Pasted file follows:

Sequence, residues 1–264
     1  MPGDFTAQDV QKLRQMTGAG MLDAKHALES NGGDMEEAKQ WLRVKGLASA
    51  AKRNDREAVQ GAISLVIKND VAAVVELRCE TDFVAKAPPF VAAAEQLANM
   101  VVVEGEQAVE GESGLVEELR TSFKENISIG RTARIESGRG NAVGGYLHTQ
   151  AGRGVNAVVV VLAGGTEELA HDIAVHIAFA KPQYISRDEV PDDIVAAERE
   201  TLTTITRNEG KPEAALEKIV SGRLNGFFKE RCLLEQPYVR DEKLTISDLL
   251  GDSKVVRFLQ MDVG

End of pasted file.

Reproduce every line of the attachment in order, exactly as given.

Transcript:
Sequence, residues 1–264
     1  MPGDFTAQDV QKLRQMTGAG MLDAKHALES NGGDMEEAKQ WLRVKGLASA
    51  AKRNDREAVQ GAISLVIKND VAAVVELRCE TDFVAKAPPF VAAAEQLANM
   101  VVVEGEQAVE GESGLVEELR TSFKENISIG RTARIESGRG NAVGGYLHTQ
   151  AGRGVNAVVV VLAGGTEELA HDIAVHIAFA KPQYISRDEV PDDIVAAERE
   201  TLTTITRNEG KPEAALEKIV SGRLNGFFKE RCLLEQPYVR DEKLTISDLL
   251  GDSKVVRFLQ MDVG